CAPP has had a fairly active year. It has considered a number of proposals for new programs, and has presented resolutions to the Senate calling for the approval of a Graduate Certificate in Disability Studies, a Graduate Certificate in Museum Studies, the creation of a system-level Academy for Creative Media, the awarding of posthumous degrees in certain circumstances, and the use by Admissions & Records of the scores on the new writing portion of the SAT/ACT exams. CAPP also considered the proposal for the creation of an M.Sc. in Finance, and recommended to the Senate that the implications of this proposal receive fuller scrutiny.
A number of questions were brought to CAPP for consultation by the OVCAA.
CAPP agreed with the OVCAA's policy on the awarding of second baccalaureate degrees, and on the policy regarding the repetition of required courses in which students earned less than a C grade.
CAPP also reaffirmed its support for the Office of Admissions & Records' policy of requiring the GED of all home-schooled applicants to Manoa. CAPP also met with Heather Crislip (of the Chancellor's Office) to provide its reaction to the proposed Student Services Reorganization.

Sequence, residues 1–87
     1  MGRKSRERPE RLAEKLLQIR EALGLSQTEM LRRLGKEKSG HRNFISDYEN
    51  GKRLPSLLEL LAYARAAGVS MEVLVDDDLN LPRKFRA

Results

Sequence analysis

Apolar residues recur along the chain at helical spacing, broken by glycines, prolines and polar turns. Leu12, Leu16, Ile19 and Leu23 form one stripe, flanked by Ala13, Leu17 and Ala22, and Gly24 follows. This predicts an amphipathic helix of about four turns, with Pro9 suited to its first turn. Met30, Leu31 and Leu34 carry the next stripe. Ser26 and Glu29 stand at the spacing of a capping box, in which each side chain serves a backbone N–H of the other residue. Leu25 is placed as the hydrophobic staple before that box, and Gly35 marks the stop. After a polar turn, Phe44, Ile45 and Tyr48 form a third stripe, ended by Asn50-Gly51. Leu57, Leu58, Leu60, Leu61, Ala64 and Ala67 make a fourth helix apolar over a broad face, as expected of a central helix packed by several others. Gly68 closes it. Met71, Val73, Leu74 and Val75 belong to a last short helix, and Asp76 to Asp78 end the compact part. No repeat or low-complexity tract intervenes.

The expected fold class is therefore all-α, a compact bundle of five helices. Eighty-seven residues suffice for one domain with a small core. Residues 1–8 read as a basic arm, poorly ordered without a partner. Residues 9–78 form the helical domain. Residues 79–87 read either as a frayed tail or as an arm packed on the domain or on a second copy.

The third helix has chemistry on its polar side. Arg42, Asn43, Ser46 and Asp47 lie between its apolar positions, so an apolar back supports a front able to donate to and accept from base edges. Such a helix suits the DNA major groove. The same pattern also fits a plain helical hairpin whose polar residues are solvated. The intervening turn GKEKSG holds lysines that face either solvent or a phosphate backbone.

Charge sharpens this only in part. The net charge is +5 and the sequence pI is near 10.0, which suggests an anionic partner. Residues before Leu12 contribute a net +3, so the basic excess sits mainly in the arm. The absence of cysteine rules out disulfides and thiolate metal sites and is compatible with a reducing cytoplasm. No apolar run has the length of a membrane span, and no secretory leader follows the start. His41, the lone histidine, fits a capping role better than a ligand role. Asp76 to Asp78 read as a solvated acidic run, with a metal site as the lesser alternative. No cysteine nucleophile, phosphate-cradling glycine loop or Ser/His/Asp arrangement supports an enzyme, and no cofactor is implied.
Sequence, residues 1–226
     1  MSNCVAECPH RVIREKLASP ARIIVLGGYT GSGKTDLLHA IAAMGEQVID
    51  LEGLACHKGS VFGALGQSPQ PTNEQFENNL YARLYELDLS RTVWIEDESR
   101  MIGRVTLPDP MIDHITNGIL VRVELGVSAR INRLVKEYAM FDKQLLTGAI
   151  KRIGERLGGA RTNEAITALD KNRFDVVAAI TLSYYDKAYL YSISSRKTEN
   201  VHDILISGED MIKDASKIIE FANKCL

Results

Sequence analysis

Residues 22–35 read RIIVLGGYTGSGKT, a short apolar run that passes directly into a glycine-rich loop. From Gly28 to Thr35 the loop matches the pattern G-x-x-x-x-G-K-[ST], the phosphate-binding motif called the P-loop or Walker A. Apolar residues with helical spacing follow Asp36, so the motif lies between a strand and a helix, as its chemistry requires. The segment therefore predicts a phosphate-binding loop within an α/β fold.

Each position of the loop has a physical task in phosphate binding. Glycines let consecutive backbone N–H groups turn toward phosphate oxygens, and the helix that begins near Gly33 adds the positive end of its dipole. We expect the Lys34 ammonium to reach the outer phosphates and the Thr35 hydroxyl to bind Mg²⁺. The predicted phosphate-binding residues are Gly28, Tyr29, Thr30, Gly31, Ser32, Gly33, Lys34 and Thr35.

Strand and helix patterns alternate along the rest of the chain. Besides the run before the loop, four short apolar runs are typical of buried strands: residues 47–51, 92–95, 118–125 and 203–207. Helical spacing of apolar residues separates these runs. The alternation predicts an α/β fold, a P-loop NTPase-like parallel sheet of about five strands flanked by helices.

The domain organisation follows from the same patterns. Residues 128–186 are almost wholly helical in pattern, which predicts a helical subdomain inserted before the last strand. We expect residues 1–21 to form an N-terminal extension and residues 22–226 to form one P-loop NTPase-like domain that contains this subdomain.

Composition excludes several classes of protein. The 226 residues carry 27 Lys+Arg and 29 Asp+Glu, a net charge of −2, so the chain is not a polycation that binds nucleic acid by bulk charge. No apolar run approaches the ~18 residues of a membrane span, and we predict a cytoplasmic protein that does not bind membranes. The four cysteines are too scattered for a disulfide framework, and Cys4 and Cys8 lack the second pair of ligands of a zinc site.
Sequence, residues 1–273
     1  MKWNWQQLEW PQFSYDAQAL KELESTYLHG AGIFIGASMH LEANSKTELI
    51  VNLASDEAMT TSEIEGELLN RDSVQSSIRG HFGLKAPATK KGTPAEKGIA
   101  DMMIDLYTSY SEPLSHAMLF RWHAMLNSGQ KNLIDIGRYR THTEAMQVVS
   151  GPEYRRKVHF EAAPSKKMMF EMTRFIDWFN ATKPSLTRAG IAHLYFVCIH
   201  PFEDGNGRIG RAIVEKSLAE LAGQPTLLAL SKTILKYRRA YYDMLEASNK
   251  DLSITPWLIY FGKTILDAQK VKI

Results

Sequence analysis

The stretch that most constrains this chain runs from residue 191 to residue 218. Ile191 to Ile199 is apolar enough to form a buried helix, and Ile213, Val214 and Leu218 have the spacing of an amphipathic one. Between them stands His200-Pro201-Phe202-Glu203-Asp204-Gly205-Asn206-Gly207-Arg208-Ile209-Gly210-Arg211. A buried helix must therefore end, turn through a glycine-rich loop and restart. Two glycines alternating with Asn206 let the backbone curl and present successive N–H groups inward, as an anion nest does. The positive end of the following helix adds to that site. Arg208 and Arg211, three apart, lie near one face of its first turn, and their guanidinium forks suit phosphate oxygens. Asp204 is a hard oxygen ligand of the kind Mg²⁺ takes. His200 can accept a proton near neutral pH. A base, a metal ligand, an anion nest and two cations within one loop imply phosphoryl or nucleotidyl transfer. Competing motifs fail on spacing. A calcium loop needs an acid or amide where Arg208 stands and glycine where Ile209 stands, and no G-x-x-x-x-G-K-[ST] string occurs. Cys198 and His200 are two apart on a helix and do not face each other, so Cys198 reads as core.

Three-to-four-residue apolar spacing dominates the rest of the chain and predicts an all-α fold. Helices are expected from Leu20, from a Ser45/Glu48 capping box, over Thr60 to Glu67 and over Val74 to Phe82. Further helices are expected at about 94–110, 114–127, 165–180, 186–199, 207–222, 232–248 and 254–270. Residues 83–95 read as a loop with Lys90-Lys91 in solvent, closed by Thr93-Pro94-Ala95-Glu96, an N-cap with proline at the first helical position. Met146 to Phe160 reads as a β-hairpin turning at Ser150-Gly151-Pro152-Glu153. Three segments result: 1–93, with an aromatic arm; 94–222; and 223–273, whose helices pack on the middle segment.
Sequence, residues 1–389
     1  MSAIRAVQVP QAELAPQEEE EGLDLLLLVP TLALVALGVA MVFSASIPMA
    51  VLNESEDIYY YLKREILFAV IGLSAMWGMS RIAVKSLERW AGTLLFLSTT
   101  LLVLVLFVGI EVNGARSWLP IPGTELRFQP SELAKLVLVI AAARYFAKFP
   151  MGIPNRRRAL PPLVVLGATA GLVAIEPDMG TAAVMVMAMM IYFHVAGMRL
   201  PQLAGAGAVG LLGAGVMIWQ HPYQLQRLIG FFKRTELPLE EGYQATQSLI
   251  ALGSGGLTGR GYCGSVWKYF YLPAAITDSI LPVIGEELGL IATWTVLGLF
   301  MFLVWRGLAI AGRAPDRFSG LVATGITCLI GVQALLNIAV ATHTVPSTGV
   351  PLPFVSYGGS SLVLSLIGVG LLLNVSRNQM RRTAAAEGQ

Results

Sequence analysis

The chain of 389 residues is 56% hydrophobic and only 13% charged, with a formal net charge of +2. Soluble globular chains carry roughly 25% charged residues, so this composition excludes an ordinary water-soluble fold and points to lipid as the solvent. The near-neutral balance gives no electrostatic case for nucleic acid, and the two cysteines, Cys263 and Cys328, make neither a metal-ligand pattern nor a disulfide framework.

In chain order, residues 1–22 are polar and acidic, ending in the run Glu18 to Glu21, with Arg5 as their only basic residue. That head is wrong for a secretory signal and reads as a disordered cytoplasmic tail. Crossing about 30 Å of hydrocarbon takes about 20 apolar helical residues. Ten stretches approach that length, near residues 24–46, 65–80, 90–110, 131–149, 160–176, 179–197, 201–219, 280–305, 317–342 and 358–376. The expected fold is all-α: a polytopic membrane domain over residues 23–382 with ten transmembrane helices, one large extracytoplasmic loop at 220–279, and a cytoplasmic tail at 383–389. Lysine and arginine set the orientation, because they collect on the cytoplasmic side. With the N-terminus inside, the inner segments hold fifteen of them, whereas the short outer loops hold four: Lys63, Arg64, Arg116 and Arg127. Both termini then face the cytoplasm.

Much of CAPP's time this year was spent considering the appropriateness of raising Manoa's admission standards. Before presenting a resolution to the Senate calling for the creation of a working group charged with proposing specific minimum required GPA increases, CAPP discussed the issue of raising standards with representatives from Admissions & Records, the Commission on Diversity, and the ASUH. It also discussed the issue with Ron Cambra, within the context of a broader discussion of the creation of a Taskforce on Enrollment Management.
As the spring term of 2004 draws to a close, there are still a number of issues that CAPP has begun to explore but which will not be fully dealt with until next year.
CAPP has begun considering a proposal for the creation of a B.Sc. program in Ethnobotany.
A proposal for the establishment of a Social Sciences Public Policy Center is also waiting to be addressed.
Finally, in February CAPP met with Peter Garrod to discuss possible ways of relieving an arguably unfair financial burden which currently falls upon international doctoral students who have reached the area exam stage of their programs. Graduate Division was asked by CAPP to explore solutions and seems to have decided upon a course of action, which it ntends to implement for the fall term of 2004.